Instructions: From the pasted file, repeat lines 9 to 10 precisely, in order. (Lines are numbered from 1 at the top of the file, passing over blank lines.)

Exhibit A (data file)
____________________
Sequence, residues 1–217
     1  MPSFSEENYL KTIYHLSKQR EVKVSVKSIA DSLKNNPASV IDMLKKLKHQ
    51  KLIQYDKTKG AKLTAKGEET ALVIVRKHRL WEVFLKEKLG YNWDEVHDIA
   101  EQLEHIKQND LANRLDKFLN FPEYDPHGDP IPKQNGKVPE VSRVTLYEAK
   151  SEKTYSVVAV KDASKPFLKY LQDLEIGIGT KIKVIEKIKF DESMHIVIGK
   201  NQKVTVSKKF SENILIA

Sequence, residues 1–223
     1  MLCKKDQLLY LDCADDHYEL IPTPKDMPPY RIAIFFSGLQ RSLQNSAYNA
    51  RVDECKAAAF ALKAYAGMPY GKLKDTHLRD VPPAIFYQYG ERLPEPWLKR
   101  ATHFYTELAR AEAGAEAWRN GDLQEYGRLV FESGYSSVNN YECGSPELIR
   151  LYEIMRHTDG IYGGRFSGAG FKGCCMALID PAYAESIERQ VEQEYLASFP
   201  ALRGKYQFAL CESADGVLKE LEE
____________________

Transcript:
    51  RVDECKAAAF ALKAYAGMPY GKLKDTHLRD VPPAIFYQYG ERLPEPWLKR
   101  ATHFYTELAR AEAGAEAWRN GDLQEYGRLV FESGYSSVNN YECGSPELIR